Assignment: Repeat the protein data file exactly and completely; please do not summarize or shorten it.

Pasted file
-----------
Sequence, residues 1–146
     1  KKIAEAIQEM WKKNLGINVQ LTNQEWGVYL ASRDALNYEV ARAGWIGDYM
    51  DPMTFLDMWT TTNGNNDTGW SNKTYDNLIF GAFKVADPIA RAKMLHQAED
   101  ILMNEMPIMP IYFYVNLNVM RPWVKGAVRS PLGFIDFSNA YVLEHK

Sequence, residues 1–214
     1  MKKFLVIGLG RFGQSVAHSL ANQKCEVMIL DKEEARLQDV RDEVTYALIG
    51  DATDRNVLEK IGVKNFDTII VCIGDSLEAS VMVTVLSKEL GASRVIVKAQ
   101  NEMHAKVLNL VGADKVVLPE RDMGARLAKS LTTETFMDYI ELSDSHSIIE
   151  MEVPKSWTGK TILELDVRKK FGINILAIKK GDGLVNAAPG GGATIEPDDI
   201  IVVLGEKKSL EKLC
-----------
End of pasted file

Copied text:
Sequence, residues 1–146
     1  KKIAEAIQEM WKKNLGINVQ LTNQEWGVYL ASRDALNYEV ARAGWIGDYM
    51  DPMTFLDMWT TTNGNNDTGW SNKTYDNLIF GAFKVADPIA RAKMLHQAED
   101  ILMNEMPIMP IYFYVNLNVM RPWVKGAVRS PLGFIDFSNA YVLEHK

Sequence, residues 1–214
     1  MKKFLVIGLG RFGQSVAHSL ANQKCEVMIL DKEEARLQDV RDEVTYALIG
    51  DATDRNVLEK IGVKNFDTII VCIGDSLEAS VMVTVLSKEL GASRVIVKAQ
   101  NEMHAKVLNL VGADKVVLPE RDMGARLAKS LTTETFMDYI ELSDSHSIIE
   151  MEVPKSWTGK TILELDVRKK FGINILAIKK GDGLVNAAPG GGATIEPDDI
   201  IVVLGEKKSL EKLC